It’s been a few years since the world has had new Tut Tut Child material. The artist has been mainly working on a side project, Forest Knot, since mid-2018, and prior to that, there hadn’t been a Tut Tut Child release since 2017. The London-based artist has broken his silence, though, with the release of his Pantheon EP, out now on Extreme Music. Its title track is a dramatic melodic journey and is sure to thrill fans of his previous works, as well as newcomers.

Rameses B, too, has a new compilation out Nov. 1. The Liquicity Records Eden EP showcases the artist’s strong command of the liquid drum ‘n’ bass realm, and he praised the label in a tweet announcing the EP, saying “it’s only natural to have this kind of release with them, liquid, emotional and something that represents all the good times.”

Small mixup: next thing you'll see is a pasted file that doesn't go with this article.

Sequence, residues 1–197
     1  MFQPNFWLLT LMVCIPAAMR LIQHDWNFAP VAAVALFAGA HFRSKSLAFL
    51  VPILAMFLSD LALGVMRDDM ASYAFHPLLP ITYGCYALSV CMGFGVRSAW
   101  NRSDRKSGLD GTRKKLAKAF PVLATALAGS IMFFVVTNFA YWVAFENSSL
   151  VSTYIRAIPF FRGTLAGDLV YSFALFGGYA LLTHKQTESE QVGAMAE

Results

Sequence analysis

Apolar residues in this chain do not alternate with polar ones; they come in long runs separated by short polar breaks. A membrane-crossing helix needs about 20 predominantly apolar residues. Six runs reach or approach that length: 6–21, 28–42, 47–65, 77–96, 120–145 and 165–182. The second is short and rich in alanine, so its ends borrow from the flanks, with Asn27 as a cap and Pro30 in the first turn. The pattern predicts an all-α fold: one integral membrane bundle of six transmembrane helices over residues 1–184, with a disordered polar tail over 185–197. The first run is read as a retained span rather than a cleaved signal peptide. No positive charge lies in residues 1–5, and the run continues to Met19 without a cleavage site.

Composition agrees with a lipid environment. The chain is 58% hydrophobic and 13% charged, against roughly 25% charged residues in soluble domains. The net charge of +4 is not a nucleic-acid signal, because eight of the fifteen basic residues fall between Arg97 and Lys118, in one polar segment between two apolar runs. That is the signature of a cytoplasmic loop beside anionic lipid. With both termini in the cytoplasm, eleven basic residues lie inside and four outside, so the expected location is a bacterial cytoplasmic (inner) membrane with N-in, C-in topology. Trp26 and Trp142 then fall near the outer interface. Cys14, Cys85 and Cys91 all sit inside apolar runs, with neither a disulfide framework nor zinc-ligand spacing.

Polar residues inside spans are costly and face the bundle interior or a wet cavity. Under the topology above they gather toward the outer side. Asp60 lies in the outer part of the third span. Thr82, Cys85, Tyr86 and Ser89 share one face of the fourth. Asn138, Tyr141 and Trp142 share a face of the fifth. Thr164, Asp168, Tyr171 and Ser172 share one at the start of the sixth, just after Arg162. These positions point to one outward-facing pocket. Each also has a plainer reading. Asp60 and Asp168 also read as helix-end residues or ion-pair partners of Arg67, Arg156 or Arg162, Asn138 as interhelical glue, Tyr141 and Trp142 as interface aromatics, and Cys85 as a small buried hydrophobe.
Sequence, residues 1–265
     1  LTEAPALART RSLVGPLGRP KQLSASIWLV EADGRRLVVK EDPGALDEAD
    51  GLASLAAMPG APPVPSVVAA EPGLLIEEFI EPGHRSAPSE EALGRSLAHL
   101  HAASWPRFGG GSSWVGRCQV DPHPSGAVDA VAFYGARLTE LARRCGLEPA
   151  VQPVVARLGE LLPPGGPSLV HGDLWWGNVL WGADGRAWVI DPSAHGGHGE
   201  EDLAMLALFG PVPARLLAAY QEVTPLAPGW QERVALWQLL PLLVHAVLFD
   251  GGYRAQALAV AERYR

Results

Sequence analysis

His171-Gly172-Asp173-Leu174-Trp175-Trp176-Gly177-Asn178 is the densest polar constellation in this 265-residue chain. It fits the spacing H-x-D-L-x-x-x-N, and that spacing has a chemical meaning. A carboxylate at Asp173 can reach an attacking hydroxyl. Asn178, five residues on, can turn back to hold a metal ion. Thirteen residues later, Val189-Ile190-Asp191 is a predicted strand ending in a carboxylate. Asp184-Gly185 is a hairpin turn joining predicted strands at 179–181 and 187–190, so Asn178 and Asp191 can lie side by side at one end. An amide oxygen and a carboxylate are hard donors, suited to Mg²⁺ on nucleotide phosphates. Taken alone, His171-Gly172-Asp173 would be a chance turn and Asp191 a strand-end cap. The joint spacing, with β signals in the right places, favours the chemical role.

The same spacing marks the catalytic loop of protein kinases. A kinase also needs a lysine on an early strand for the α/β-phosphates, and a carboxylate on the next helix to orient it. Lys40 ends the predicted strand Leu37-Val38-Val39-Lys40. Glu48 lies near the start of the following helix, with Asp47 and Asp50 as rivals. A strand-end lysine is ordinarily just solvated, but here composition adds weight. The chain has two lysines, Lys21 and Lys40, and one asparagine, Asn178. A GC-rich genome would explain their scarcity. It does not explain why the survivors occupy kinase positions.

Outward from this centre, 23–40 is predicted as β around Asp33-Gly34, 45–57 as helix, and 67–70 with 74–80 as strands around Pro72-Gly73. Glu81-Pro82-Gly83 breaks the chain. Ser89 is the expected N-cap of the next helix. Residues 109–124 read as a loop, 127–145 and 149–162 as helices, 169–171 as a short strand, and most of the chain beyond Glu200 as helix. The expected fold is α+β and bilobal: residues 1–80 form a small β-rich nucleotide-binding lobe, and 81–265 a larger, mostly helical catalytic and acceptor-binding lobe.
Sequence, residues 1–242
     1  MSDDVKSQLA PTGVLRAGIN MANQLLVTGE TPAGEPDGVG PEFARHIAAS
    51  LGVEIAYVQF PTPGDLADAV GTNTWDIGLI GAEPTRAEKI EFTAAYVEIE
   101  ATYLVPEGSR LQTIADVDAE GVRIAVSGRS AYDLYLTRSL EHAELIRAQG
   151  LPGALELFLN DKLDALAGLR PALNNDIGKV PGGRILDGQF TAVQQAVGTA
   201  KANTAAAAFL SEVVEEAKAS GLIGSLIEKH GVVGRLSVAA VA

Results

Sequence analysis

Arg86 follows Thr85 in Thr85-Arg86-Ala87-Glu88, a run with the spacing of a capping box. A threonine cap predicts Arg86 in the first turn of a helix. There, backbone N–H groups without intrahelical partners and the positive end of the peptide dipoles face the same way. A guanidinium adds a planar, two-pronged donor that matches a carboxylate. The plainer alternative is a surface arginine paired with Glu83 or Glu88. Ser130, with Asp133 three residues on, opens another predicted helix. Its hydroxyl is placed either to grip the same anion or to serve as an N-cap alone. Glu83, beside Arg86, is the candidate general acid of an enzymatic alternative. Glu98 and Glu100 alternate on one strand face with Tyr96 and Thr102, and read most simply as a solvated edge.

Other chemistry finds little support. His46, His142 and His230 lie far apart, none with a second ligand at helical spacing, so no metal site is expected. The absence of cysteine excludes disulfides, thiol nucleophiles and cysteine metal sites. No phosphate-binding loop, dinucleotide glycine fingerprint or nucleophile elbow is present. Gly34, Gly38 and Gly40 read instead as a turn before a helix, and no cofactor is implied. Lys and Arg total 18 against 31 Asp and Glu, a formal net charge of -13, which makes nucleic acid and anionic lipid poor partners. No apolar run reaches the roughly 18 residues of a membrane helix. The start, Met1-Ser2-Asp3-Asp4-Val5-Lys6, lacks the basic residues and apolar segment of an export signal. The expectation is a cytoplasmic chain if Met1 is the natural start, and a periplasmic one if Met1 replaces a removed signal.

For Flite‘s latest venture, he reworked Jon Hopkins‘ 2018 track, “Emerald Rush.” He’s flipped the style into something new, and it’s completely captivating. “I absolutely LOVE Jon Hopkins’ music, he is such an influence on my own tunes,” Flite said in the track’s description. “I decided I would try and rework ‘Emerald Rush’ into a drum ‘n’ bass track. So much respect for his compositions, I hope I have done him justice.” 

The drum ‘n’ bass continues with Mazare and Philip Strand’s “Battlecry,” which debuted this week via Monstercat. Strand’s powerful vocals set the scene for the epic battle that about to take place, leading the listener into a dramatic build. Mazare’s fierce production takes over at the drop, packing a hefty drum ‘n’ bass punch.